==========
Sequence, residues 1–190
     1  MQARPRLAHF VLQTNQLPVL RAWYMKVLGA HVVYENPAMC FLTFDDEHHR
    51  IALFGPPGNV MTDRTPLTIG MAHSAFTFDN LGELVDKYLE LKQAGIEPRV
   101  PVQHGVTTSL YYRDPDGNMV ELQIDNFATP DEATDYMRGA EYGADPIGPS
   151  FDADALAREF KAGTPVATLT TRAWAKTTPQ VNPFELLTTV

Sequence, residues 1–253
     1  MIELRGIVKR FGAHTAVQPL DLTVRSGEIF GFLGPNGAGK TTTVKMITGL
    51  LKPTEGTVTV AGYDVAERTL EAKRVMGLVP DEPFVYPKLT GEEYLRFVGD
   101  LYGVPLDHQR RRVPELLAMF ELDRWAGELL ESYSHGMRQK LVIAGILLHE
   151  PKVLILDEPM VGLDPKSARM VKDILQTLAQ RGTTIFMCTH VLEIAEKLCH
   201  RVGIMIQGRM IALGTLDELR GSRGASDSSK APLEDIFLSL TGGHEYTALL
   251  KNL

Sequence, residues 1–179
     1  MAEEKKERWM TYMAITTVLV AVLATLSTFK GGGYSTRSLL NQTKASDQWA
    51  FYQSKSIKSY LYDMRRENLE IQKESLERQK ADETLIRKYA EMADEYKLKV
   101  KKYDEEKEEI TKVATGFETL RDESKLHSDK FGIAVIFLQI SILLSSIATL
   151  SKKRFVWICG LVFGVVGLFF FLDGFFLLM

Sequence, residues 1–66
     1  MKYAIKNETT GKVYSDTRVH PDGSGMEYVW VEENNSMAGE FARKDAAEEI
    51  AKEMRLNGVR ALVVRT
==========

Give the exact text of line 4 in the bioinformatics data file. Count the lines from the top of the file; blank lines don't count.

   101  PVQHGVTTSL YYRDPDGNMV ELQIDNFATP DEATDYMRGA EYGADPIGPS